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Kenneth ClarkKenneth Clark
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discrimination problem?


Yes. Oddly enough, I was not aware of the discrimination or color problem in the first three or four grades, when I used to have to fight Brennan. And I just remember Brennan because he stands out. Maybe there were others, you know, too. But he stands out because we liked each other, but we still had to fight.

One of my closest friends was a person by the name of Harry Moore, and I would like to findout where he is, if he's still alive. He lived on Eighth Avenue. He too was Irish. And sometimes I'd go to his house for lunch, you know. His mother and father, I don't remember his father, but his mother was very kind. I just don't remember color being a factor in my relationship with my classmates, up through the fifth grade.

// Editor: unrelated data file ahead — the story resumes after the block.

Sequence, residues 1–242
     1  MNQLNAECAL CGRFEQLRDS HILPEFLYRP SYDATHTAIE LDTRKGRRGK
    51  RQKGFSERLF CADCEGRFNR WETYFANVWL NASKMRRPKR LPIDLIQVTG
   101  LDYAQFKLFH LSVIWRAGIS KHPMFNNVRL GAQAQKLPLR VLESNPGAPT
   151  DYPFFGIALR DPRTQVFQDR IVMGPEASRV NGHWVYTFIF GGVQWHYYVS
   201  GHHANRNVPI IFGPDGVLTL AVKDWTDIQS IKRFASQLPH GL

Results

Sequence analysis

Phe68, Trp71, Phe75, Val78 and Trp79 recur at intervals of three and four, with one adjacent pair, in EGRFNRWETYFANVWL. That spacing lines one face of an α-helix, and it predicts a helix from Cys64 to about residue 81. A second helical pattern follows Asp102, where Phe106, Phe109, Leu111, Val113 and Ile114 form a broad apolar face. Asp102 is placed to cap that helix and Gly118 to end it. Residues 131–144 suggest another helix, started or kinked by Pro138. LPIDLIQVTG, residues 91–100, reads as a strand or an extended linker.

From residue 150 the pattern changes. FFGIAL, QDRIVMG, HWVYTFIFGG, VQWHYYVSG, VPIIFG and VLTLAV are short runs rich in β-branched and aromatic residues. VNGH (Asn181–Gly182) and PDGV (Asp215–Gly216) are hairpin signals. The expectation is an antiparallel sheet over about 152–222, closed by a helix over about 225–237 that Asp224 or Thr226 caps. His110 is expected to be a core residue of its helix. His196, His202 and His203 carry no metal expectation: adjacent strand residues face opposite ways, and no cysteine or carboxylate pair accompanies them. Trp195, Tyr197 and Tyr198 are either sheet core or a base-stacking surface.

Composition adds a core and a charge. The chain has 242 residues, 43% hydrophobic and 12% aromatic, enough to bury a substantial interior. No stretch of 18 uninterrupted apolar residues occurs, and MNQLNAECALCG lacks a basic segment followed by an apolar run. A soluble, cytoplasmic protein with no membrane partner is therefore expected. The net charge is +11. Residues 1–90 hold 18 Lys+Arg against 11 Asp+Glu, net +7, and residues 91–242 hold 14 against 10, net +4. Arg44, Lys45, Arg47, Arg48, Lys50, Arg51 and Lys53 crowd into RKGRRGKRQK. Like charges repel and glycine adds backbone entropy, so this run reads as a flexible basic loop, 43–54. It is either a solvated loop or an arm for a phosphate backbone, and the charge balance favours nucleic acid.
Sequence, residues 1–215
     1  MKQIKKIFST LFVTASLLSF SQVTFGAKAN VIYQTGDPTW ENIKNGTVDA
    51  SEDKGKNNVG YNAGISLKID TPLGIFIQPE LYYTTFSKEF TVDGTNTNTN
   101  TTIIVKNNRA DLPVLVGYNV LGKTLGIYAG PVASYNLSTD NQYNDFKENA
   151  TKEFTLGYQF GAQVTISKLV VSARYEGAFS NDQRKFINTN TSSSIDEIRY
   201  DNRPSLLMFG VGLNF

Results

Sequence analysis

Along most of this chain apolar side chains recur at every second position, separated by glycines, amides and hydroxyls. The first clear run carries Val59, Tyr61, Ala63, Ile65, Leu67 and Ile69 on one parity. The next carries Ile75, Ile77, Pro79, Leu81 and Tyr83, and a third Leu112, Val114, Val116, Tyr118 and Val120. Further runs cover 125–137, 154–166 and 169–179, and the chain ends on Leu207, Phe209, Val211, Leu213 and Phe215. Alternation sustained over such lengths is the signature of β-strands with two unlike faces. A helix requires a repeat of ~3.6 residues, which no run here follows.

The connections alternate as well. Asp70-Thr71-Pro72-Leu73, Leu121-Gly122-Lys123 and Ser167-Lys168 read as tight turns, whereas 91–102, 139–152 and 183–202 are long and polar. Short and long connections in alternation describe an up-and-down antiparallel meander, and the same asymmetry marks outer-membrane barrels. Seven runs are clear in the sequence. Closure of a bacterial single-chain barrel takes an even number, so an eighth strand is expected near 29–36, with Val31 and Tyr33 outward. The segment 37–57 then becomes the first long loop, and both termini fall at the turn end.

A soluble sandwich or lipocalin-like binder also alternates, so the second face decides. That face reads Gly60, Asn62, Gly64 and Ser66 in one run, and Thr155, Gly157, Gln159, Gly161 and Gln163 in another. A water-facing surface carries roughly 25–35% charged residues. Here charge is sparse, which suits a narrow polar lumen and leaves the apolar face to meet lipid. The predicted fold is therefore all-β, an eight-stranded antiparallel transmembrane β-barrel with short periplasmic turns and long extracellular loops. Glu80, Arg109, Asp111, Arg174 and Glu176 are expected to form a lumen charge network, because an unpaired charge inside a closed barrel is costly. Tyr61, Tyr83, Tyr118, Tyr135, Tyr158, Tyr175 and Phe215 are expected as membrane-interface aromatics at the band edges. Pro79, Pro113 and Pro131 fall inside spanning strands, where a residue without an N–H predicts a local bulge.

The first time I became aware of color was when I saw my first colored teacher, who was a student teacher, Hubert Delaney. He was apparently at City College, and had come down to do his practice teaching at P.S. 5, and I remember one of my classmates telling me that there was a colored teacher, and I went to the door to look at him. I was so proud. You know, I was -- I remember the joy, the pride, the thrill I had, and I think I went home and told my mother that I saw a colored teacher. And I think that he came and substituted in our class some time. If I remember correctly, I was just impressed, awed, you know -- first, he's a tall person, and - --

Then, soon after the fifth or sixth grade, the neighborhood changed, and the proportion of whites decreased rapidly. There was the Hebrew Orphan Asylum on the hill, near City College, and those youngsters would come down to our school, in their khaki uniform,. I

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